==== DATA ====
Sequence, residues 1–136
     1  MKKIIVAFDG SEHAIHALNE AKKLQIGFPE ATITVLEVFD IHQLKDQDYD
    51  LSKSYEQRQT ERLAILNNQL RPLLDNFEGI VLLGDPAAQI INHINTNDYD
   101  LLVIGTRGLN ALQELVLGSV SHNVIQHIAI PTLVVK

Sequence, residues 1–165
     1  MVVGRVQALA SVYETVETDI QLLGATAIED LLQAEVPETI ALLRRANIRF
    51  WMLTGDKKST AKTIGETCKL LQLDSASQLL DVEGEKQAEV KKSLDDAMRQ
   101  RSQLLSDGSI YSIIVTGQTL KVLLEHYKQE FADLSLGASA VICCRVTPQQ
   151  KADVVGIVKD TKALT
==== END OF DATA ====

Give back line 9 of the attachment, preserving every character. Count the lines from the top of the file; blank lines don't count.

   151  KADVVGIVKD TKALT